Bermuda’s lost opportunity

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  • <B>Brian Hall</B> is shown with BFIS administrator Cathy Lapsley.

    Brian Hall is shown with BFIS administrator Cathy Lapsley.


July 17, 2012

Dear Sir,

It has taken many years to write this letter. My background is Bermudian, arriving here when I was 11. I had no chance to go to college, so joined AIG in 1958; left them in 1963 to join Fred Reiss’s International Risk Management (captive management); left them in 1969 to found Inter-Ocean Management Ltd (IOM), which turned out to be most successful due to the firm retaining a contract with Johnson & Higgins, which led on to them buying their business back from IOM in 1979, and appointing me president of J&H Ltd, Bermuda.

The company became the largest captive manager by far, and I was responsible for growing the business internationally, which ended up with 17 offices and 400 employees, around the world, with 160 people in Bermuda. In 1989, I became the first non-American partner to join the board of Wall Street giant, Johnson & Higgins. To conclude, Johnson & Higgins chose to merge with Marsh & McLennan in 1997, which prompted my retirement.

I lead in with the above only to establish credentials. I was responsible for the founding of the Bermuda Insurance Managers Association; the insurance industry’s presence at RIMS; and the insurance industry’s presence at the World Economic Forum in Davos, Switzerland. In 1981 I joined the Insurance Advisory Committee of the Bermuda Ministry of Finance, and shortly after became its Chairman until the end of 1998.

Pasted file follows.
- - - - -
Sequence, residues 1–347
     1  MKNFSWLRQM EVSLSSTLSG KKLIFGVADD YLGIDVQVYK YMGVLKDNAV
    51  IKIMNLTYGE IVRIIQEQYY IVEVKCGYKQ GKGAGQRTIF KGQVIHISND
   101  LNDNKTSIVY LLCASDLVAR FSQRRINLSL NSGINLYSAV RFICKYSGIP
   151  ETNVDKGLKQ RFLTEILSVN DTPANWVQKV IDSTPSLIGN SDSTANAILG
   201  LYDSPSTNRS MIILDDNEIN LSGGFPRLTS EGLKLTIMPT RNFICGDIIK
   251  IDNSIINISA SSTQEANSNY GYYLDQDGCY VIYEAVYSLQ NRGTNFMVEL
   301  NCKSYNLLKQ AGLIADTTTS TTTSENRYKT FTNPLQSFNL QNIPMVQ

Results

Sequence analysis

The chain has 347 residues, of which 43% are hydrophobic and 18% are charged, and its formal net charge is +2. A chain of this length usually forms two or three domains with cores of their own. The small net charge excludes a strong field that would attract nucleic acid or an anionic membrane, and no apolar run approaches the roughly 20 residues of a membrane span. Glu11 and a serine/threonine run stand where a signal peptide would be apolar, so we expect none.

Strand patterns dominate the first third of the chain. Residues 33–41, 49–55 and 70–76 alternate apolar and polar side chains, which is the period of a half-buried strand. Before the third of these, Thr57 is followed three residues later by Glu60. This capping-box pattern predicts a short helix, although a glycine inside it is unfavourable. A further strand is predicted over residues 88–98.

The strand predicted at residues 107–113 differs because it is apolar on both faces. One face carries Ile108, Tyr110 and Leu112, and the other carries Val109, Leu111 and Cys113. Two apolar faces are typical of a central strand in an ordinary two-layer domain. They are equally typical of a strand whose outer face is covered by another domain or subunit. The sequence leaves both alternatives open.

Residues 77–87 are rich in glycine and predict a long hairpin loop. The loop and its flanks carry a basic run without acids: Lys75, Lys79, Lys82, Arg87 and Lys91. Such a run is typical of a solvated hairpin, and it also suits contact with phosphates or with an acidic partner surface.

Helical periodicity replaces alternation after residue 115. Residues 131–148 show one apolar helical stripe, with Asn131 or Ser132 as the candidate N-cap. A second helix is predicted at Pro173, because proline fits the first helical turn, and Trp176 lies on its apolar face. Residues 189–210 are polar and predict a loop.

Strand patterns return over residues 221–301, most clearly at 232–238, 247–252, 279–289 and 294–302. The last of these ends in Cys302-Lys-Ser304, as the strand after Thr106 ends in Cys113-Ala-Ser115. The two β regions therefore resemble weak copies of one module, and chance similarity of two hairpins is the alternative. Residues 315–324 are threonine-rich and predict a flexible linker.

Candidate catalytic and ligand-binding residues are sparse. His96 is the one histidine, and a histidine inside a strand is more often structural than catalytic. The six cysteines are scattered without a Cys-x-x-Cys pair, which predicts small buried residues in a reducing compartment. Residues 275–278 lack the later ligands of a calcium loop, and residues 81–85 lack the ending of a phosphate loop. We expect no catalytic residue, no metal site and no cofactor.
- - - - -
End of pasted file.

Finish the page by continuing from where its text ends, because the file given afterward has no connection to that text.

As an employer, it saddened me that, to avoid the Bermuda College, parents were sending their children to some distant relative, primarily in the US, to go to a college near the relative. They came back with inappropriate qualifications, but wanted the corner office in an insurance company, with their prime qualification being “Bermudian”.

Therefore, in 1996, I rounded up some of the business leaders for a sandwich lunch, and raised, initially at that lunch, some $2.5 million in five-year pledges to found the Bermuda Foundation for Insurance Studies, (BFIS). We developed a synergy with the Bermuda College (first two years), and the College of Insurance (now St John’s University) for the second two years, to ensure that our Bermudian scholars got the appropriate education to work in the insurance industry.